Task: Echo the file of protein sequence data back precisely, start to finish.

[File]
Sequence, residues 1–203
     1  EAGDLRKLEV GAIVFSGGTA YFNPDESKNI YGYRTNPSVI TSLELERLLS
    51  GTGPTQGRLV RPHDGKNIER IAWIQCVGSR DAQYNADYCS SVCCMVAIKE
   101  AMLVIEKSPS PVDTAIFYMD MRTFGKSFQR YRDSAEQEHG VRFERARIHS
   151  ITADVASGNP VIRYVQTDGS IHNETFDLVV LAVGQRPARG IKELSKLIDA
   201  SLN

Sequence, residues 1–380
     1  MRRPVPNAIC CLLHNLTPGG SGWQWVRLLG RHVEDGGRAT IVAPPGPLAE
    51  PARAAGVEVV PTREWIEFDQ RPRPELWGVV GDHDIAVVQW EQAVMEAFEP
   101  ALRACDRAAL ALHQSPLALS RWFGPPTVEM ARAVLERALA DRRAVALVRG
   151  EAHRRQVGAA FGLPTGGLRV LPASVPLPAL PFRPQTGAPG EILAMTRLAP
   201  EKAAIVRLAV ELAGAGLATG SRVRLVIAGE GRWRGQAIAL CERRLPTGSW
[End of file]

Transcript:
Sequence, residues 1–203
     1  EAGDLRKLEV GAIVFSGGTA YFNPDESKNI YGYRTNPSVI TSLELERLLS
    51  GTGPTQGRLV RPHDGKNIER IAWIQCVGSR DAQYNADYCS SVCCMVAIKE
   101  AMLVIEKSPS PVDTAIFYMD MRTFGKSFQR YRDSAEQEHG VRFERARIHS
   151  ITADVASGNP VIRYVQTDGS IHNETFDLVV LAVGQRPARG IKELSKLIDA
   201  SLN

Sequence, residues 1–380
     1  MRRPVPNAIC CLLHNLTPGG SGWQWVRLLG RHVEDGGRAT IVAPPGPLAE
    51  PARAAGVEVV PTREWIEFDQ RPRPELWGVV GDHDIAVVQW EQAVMEAFEP
   101  ALRACDRAAL ALHQSPLALS RWFGPPTVEM ARAVLERALA DRRAVALVRG
   151  EAHRRQVGAA FGLPTGGLRV LPASVPLPAL PFRPQTGAPG EILAMTRLAP
   201  EKAAIVRLAV ELAGAGLATG SRVRLVIAGE GRWRGQAIAL CERRLPTGSW